Purple: GDPR Compliant, New Profile Portal, and an Interesting Experiment

We recently had the opportunity to sit down with WBA member Purple and ask them a few questions. Gavin Wheeldon, CEO, was kind enough to take the time to speak with us and shed some light on a very interesting experiment that the company recently tried.

To start off, can you tell us a little bit about Purple?

Purple is an overlay onto existing Wi-Fi networks, and what we offer can be summed up as access, analyze, and action. We make the process of getting users on board painless and interactive, which covers the access. With analytics, we offer a look at all of the important statistics and metrics. And the third part, which is probably the most powerful, is around actions. In other words, we provide solutions to better your service and create more personalized interactivity with users.

Purple recently became the first EU General Data Protection Regulation (GDPR) compliant Wi-Fi provider, and unveiled a new Profile Portal. Tell us a bit about that?

It’s important to point out that because we’ve taken all of the necessary steps to make sure that we’re compliant, it also means that our partners who use our solutions and platforms are compliant too, as are their customers. In terms of the Profile Portal, one of the requirements of being GDPR compliant is that people must be able to have access to their data and how it’s used. We believe that having a good relationship with the Wi-Fi user is important, and we wanted to make the process as easy as possible for them. It gives the consumer the ability to control what is done with their data, and we think this is a positive for all parties involved.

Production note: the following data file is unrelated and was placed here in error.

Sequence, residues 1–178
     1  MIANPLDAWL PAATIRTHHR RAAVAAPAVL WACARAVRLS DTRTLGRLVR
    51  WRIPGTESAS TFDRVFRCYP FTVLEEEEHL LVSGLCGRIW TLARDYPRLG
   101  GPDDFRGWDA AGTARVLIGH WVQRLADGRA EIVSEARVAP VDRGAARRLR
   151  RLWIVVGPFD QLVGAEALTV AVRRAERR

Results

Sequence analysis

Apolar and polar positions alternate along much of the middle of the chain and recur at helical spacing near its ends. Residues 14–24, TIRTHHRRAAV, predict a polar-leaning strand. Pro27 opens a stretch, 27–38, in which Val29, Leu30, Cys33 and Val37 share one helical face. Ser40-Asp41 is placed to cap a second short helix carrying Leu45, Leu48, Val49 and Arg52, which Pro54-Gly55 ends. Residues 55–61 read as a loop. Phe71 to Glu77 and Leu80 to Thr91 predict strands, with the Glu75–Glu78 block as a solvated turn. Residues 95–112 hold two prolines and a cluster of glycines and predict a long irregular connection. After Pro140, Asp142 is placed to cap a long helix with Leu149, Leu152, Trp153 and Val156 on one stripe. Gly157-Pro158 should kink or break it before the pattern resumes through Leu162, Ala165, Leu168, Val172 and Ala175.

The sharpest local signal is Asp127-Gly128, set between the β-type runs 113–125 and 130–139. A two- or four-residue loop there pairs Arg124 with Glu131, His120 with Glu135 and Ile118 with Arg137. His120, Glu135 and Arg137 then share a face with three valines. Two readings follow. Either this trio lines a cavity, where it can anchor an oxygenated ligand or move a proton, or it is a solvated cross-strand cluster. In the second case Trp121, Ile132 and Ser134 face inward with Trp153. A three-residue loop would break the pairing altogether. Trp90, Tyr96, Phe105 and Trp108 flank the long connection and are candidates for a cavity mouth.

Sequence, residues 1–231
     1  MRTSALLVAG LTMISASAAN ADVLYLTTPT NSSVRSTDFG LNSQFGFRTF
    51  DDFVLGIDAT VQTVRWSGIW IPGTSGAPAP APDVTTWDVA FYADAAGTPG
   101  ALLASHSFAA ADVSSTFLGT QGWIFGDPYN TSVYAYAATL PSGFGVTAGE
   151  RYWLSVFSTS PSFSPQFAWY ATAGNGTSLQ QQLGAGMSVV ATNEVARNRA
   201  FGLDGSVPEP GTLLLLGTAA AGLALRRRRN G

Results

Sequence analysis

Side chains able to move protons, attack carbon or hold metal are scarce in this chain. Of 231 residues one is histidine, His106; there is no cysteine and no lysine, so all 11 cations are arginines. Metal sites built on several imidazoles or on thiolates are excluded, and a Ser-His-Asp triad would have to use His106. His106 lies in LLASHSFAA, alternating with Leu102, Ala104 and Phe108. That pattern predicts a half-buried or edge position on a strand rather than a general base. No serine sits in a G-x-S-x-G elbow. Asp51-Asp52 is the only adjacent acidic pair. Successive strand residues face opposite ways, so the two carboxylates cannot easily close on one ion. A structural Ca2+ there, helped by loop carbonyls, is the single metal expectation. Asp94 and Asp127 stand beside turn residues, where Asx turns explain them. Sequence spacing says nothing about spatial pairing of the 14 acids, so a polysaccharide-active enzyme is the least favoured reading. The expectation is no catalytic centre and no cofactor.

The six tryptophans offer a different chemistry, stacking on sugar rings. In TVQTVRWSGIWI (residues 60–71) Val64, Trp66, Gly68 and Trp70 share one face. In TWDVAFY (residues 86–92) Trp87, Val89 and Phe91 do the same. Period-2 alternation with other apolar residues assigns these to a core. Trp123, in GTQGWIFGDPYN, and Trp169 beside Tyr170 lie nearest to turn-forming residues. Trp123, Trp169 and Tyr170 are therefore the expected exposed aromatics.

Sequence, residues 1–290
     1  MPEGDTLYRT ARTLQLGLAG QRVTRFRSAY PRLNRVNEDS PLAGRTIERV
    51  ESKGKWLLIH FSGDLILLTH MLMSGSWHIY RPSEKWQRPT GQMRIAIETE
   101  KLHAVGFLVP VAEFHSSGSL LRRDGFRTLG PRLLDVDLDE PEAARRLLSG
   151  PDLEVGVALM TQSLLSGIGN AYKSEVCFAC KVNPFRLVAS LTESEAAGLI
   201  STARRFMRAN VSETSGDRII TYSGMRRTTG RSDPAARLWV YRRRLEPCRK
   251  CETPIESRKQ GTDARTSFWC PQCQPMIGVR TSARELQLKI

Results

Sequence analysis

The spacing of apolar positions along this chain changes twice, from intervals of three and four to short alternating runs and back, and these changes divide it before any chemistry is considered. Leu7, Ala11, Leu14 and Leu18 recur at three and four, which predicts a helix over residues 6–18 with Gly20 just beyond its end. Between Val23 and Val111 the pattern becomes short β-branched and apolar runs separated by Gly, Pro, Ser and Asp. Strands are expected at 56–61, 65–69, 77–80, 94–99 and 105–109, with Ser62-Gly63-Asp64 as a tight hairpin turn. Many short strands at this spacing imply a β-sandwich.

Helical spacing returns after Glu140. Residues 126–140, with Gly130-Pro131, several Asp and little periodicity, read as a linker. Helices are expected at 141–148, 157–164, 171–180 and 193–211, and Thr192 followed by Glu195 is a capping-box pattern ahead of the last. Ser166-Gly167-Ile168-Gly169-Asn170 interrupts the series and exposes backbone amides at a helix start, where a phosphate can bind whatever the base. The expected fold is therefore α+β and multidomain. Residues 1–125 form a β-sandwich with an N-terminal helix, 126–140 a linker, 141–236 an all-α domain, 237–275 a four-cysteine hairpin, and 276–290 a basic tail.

To coincide with the release of the Profile Portal, Purple conducted a fun ‘experiment’ that has received a lot of attention in the press and online. Can you shed a little light on what led to this experiment?

We took the Privacy Policy for our Purple-branded hotspots, which was about a page and a half in length, and made it even shorter – it’s now about half a page long. And for the span of two weeks, we included a joke clause in the Privacy Policy for 22,000+ users that required them to perform 1,000 hours of community service in order to access free Wi-Fi. We offered a £100 Amazon gift card to anyone who noticed the clause, and in that two week period, only one person spotted it. It ultimately could have been a very expensive experiment if more people took the time to read the Privacy Policy. At Purple, we’re trying to be as transparent as possible and give people as much information as we can in small, bite-size chunks. And this allows users to be in complete control of their data and, ultimately, control who has access to it.

For more information about Purple, visit the company’s website. More information on the company’s experiment can be found in this blog.

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